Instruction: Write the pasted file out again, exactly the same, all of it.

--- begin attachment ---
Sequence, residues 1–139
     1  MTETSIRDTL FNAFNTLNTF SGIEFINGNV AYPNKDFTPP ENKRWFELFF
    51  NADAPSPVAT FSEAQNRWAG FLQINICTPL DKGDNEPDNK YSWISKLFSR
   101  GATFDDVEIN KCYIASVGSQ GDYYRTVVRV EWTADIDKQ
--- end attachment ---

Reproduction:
Sequence, residues 1–139
     1  MTETSIRDTL FNAFNTLNTF SGIEFINGNV AYPNKDFTPP ENKRWFELFF
    51  NADAPSPVAT FSEAQNRWAG FLQINICTPL DKGDNEPDNK YSWISKLFSR
   101  GATFDDVEIN KCYIASVGSQ GDYYRTVVRV EWTADIDKQ